Geographic Connection to Pennsylvania: Mercersburg, Franklin County
Rutledge lived many years in Pennsylvania, but was most at home in South Carolina, where he served as the state's first Poet Laureate and where he is remembered as an influential advocate of conservation.
Though not a native Pennsylvanian, Archibald Rutledge spent a good deal of his adult life at the Mercersburg Academy in Franklin County. Upon his retirement, he published poetry and fiction, particularly associated with the outdoors. In 1934 he became South Carolina's Poet Laureate after his return to that state. Rutledge passed away in 1973.
Archibald (Hamilton) Rutledge was born in McClellanville, South Carolina, on October 23, 1883. His parents were Colonel Henry Middleton and Margaret Seabrook Rutledge. On December 19, 1907, Rutledge married Florence Hart, who died in 1934. Three years later, he married Alice Lucas. He had three children named Archibald Jr., Henry Middleton, and Irvine Hart.
Rutledge attended Union College in Schenectady, New York. He was a member of the American Society of Arts and Letters, the American Poetry Society, and the Neucomen Society. After he graduated in 1904, Rutledge began his career as an English teacher at Mercersburg Academy in Mercersburg, Pennsylvania. He remained at the academy until 1934. When Rutledge retired from teaching, he returned to South Carolina and began restoring his plantation home, establishing gardens that attracted many visitors. He had a great knowledge and love of nature. He once wrote, "I am not a joiner, but a (leisure-time) hunter, forester, [and] archeologist."
Rutledge was a great storyteller with many literary accomplishments. He wrote his first poem, "I saw a little rattlesnake / Too young to make its rattlers shake," when he was only seven-years-old. When asked about his writing, he said, "My formula is to find a subject worth writing about and then to make it simple, and then to make it clear and then to make it reach the heart and then to make it beautiful." Rutledge's work is represented in anthologies. Some of his most famous work includes Under the Pines (1906),Songs From a Valley (1919), and South of Richmond (1923). He has contributed more than 1,000 articles and poems to magazines. He recorded 75 of his poems for the Library of Congress, and more than 60 of his poems have been set to music.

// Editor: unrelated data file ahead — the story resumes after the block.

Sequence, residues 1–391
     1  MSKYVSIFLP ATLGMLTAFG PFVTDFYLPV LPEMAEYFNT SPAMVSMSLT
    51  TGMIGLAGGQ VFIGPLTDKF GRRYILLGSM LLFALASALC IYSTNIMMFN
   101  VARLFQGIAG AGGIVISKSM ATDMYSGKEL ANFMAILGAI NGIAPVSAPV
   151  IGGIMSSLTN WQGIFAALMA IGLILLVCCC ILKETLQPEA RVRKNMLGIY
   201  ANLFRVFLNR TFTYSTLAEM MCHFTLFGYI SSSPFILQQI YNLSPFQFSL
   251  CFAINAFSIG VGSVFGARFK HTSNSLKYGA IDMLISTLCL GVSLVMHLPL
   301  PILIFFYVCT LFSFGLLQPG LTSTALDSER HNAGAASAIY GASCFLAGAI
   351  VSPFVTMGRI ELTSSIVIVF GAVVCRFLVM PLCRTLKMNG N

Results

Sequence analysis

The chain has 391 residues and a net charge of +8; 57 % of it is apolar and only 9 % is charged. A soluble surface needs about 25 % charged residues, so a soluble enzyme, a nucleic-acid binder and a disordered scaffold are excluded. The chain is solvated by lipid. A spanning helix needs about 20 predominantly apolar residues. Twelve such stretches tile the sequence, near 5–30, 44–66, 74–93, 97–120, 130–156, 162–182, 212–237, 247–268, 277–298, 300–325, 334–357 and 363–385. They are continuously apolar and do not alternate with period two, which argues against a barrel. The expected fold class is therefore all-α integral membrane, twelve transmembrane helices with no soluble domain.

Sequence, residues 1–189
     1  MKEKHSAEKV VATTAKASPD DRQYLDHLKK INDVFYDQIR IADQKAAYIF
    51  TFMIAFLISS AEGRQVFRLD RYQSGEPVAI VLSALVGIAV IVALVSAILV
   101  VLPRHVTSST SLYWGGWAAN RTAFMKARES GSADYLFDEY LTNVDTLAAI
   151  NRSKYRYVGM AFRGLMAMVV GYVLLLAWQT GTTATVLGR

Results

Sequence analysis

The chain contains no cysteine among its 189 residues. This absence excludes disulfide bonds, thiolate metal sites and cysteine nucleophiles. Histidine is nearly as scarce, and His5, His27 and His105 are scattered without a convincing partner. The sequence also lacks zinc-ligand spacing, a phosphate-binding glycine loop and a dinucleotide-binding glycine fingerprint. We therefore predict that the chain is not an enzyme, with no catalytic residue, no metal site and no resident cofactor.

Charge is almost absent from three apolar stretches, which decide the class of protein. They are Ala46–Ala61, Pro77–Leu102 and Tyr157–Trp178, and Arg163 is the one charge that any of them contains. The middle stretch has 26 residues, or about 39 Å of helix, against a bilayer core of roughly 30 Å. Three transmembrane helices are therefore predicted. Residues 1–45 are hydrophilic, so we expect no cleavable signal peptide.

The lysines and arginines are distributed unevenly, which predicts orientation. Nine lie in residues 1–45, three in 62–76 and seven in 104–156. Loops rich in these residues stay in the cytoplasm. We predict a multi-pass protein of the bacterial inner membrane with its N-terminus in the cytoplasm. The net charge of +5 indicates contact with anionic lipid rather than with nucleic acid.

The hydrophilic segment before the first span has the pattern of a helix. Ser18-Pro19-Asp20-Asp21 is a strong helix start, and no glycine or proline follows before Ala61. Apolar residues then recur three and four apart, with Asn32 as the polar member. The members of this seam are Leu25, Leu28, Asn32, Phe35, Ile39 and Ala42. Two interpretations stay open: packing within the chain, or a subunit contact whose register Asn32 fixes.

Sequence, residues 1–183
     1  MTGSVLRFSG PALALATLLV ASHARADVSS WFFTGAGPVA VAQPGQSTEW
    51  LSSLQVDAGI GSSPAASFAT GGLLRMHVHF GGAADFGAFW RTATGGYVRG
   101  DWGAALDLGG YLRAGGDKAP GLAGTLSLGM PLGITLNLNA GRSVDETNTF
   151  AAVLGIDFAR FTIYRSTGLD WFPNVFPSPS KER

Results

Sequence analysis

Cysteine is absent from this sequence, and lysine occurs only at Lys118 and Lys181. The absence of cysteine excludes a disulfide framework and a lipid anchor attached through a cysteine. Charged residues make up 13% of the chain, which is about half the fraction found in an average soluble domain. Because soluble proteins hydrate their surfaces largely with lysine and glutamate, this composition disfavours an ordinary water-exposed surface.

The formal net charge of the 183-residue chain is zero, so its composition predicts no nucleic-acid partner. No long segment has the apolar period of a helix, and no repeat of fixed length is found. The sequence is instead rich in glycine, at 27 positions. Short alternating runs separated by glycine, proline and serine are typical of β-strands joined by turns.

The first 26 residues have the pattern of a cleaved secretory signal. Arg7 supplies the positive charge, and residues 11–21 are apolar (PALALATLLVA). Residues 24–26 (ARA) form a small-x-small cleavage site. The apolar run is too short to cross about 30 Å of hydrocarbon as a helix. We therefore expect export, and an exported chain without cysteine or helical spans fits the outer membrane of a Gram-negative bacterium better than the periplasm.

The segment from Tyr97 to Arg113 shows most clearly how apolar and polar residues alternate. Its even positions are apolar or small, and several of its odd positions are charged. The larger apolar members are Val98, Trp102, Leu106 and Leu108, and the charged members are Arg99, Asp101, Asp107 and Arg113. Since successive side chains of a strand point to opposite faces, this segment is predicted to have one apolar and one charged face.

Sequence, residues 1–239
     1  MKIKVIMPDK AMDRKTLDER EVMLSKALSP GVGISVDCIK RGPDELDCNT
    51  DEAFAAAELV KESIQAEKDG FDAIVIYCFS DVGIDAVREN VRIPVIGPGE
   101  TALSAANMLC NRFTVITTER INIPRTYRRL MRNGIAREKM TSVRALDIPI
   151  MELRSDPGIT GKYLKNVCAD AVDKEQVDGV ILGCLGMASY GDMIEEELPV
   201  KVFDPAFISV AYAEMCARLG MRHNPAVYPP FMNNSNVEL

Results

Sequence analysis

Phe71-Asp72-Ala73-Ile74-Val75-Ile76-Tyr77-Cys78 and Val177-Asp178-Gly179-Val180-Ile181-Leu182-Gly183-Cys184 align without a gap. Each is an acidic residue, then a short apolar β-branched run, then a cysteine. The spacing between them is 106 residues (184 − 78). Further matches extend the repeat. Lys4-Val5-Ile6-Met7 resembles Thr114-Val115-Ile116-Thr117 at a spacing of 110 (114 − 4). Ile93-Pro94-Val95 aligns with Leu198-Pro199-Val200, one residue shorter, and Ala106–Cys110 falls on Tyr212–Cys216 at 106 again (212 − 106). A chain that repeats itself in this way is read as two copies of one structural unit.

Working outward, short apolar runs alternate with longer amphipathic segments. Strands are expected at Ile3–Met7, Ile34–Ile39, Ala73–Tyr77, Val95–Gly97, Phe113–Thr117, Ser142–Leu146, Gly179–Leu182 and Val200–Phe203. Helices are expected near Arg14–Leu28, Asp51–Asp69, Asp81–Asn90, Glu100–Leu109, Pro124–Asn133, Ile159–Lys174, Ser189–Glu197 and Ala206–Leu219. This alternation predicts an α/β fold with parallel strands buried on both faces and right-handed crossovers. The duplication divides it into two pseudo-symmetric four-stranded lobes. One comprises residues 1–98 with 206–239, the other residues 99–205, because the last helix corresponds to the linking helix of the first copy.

In 1934, Rutledge became South Carolina's first poet laureate by executive action. The legislature called him "distinguished in literature." He was also South Carolina's elector to the Hall of Fame. He achieved seventeen honorary degrees, including a Masters of the Arts from Union College in 1907. He received more than thirty medals, including the John Burroughs Medal for nature writing. The Archibald Rutledge Academy in McClellanville, South Carolina, and the Archibald Rutledge Scholarship Fund for academic and artistic excellence were both named after him.
Rutledge died in 1973 in McClellanville, South Carolina.
Tom and I on the Old Plantation. New York: Stokes, 1918.
Days off in Dixie. New York: Doubleday, 1924.
Heart of the South. Columbia, SC: The State Co., 1924.
Life's Extras. New York: Revell, 1928.
An American Hunter. New York: Stokes, 1937.
The Angel Standing; or, Faith Alone Gives Praise. New York: Revell, 1948.
From Hills to the Sea: Fact and Legend of the Carolinas. Indianapolis: Bobbs-Merrill, 1958.
Voices of Long Ago: Bible Stories Retold. Columbia, SC: R.L. Bryan, 1973.
The Banners of the Coast. Columbia, SC: State Co., 1908.
Collected Poems. Columbia, SC: State Co., 1925.
Deep River: The Complete Poems of Archibald Rutledge. Columbia, SC: R.L. Bryan, 1960.
I Hear America Singing. Columbia, SC: R.L. Bryan, 1970.
"Archibald (Hamilton) Rutledge." The Gale Literary Database: Contemporary Authors Online. 6 December 2000. 4 Mar. 2001. <http://www.galenet.com>.
"Archibald Rutledge." South Carolina State House Network. Columbia, SC: 11 Sep. 2001. <http://www.scstatehouse.net>. Web address inactive
Photo Credit: "Rutledge." Photograph. Cropped to 4x3. Source: Online Resource.
Written by Jennifer Monahan, Fall 2001; updated 2018